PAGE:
While Canada Day in Whitehorse will be very different this year, Mewett said the legion is working to find a way for those in Whitehorse to show their civic pride and celebrate the nation’s birthday in a safe way.

“The federal government is working on a plan to have a National Canada Day Celebration online or through some virtual form, which we will endeavour to partake in to show our Yukon pride,” he said, adding that plan will likely be unveiled in the coming weeks.

Contact Stephanie Waddell at stephanie.waddell@yukon-news.com

Canada DayCoronavirusRotaryRoyal Canadian Legion

Get local stories you won't find anywhere else right to your inbox.
Sign up here

Just Posted


Wyatt’s World for May 5, 2021.… Continue reading

Crystal Schick/Yukon News Premier Sandy Silver, left, and Yukon’s Chief Medical Officer of Health Dr. Brendan Hanley speak at a COVID-19 update press conference in Whitehorse on Nov. 19. They formally announced that as of Nov. 20, anyone entering the territory (including Yukoners returning home) would be required to self-isolate with the exception of critical service workers, those exercising treaty rights and those living in B.C. border towns
Vaccinated people won’t have to self-isolate in the Yukon after May 25

Restaurants and bars will also be able to return to full capacity at the end of the month.

An RV pulls into Wolf Creek Campground to enjoy the first weekend of camping season on April 30, 2021. John Tonin/Yukon News
Opening weekend of Yukon campgrounds a ‘definite success’

The territorial campgrounds opened on April 30. Wolf Creek was the busiest park seeing 95 per cent of sites filled.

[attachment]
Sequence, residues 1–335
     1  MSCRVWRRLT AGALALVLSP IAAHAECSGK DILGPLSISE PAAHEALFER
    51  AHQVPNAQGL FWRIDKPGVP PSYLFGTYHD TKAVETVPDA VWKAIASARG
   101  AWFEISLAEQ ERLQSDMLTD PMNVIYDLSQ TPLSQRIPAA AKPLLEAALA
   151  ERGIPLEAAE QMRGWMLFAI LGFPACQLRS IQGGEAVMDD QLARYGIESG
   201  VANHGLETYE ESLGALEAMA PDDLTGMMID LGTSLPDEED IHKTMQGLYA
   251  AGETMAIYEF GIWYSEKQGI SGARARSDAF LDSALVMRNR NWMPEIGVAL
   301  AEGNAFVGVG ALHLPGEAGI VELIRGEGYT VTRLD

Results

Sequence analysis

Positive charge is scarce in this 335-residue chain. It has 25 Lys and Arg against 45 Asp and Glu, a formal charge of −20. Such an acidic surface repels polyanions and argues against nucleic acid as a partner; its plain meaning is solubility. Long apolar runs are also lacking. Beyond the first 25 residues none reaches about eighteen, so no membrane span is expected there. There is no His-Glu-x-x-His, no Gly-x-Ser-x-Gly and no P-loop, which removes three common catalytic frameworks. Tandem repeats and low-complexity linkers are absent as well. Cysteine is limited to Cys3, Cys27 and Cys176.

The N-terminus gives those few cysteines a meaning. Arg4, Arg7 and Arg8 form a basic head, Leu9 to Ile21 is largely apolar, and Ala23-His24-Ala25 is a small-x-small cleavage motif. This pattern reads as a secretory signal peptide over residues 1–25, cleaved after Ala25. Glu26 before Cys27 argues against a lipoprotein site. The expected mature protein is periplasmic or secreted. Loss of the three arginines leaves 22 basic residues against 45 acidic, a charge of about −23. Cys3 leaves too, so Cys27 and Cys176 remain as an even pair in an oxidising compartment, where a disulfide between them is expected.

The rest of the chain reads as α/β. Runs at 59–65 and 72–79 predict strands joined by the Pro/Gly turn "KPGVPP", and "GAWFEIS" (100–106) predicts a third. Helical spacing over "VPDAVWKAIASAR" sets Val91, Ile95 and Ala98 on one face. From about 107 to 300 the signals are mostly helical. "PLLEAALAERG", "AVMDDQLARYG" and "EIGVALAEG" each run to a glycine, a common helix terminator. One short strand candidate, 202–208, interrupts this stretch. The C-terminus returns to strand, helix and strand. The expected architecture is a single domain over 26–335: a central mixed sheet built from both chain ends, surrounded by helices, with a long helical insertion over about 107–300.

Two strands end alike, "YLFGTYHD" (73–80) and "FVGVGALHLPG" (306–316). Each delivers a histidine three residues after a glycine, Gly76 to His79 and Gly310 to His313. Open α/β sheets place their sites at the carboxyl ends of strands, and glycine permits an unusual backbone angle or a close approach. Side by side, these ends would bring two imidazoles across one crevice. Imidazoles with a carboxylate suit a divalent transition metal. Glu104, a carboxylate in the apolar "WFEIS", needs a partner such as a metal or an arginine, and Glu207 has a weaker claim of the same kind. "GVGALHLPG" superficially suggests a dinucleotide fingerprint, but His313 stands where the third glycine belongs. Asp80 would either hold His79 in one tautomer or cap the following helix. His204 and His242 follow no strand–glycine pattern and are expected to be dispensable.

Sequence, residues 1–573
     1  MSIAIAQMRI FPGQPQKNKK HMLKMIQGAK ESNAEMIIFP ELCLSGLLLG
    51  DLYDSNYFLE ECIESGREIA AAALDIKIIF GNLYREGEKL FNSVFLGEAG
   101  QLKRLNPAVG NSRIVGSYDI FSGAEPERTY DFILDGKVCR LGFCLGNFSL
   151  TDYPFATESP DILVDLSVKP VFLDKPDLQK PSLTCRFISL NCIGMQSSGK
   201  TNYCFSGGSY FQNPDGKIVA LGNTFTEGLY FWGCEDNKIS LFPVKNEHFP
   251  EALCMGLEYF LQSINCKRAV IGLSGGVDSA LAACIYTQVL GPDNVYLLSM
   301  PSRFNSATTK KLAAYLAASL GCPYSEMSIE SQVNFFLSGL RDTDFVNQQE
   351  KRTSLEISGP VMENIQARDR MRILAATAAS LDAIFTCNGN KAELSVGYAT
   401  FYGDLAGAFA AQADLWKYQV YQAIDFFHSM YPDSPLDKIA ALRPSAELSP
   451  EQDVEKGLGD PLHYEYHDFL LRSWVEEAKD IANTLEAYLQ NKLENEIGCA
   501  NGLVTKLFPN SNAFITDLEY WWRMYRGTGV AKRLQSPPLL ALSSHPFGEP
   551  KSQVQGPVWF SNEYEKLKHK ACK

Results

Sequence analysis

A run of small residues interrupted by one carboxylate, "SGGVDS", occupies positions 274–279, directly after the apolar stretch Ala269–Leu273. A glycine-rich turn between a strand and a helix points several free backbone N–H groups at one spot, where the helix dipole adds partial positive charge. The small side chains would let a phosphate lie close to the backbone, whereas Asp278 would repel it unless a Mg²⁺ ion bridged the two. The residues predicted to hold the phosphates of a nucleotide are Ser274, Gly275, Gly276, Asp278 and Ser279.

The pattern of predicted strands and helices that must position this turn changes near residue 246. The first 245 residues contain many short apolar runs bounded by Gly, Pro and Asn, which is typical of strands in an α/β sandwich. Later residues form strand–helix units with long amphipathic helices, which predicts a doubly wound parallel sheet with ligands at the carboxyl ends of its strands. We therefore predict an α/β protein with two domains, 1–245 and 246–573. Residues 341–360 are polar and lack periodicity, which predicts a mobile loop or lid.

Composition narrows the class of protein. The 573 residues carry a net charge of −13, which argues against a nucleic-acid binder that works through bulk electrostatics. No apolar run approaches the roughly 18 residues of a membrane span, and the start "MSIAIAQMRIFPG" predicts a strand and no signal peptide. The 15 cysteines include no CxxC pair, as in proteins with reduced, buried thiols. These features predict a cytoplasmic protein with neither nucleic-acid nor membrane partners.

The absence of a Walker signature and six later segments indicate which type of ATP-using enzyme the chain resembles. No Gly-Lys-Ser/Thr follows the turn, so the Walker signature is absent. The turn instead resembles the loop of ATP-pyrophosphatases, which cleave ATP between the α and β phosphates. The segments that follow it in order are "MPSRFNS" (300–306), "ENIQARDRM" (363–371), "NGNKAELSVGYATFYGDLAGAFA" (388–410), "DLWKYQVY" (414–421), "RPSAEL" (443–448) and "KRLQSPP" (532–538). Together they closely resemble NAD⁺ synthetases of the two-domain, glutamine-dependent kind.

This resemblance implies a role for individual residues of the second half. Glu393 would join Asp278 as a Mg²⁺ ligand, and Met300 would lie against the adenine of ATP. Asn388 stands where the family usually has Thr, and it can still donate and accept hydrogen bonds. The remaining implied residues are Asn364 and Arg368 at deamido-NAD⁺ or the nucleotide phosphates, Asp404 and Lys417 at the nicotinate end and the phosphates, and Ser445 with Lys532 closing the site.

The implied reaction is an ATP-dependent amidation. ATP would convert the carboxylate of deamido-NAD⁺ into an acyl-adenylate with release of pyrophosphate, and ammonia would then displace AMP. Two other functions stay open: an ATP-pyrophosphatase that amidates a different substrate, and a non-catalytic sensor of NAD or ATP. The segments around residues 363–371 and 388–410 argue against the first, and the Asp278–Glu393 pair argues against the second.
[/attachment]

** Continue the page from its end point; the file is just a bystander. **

Visitors from Ushiku, Japan visit the Carcross Desert as part of the exchange program Ushiku and Whitehorse have. The previously annual exchange has been cancelled for 2021 due to COVID-19. (Submitted)
Whitehorse-Ushiku sister city exchange cancelled

Officials said the exchange is cancelled due to COVID-19

The site of the Old Crow solar project photographed on Feb. 20. The Vuntut Gwitchin solar project was planned for completion last summer, but delays related to the COVID-19 pandemic pushed it back. (Haley Ritchie/Yukon News)
Old Crow is switching to solar

The first phase of the community’s solar array is already generating power.

Chief Medical Officer of Health Dr. Brendan Hanley. (Crystal Schick/Yukon News file)
One new case of COVID-19 in the Yukon

Case number 82 is the territory’s only active case

Flood and fire risk and potential were discussed April 29. Yukoners were told to be prepared in the event of either a flood or a fire. Submitted Photo/B.C. Wildfire Service
Yukoners told to be prepared for floods and wildland fire season

Floods and fire personelle spoke to the current risks of both weather events in the coming months.

From left to right, Pascale Marceau and Eva Capozzola departed for Kluane National Park on April 12. The duo is the first all-woman expedition to summit Mt. Lucania. (Michael Schmidt/Icefield Discovery)
First all-woman team summits Mt. Lucania

“You have gifted us with a magical journey that we will forever treasure.”

Whitehorse City Hall (Yukon News file)
City news, briefly

Whitehorse goings-on for the week of April 26

The Yukon Department of Education in Whitehorse on Dec. 22, 2020. The department has announced new dates for the 2021/2022 school year. (John Hopkins-Hill/Yukon News file)
Yukon school dates set for 2021/22

The schedule shows classes starting on Aug. 23, 2021 for all Whitehorse schools and in some communities.

Letters to the editor.
Today’s mailbox: rent caps and vaccines

To Sandy Silver and Kate White Once again Kate White and her… Continue reading

Most Read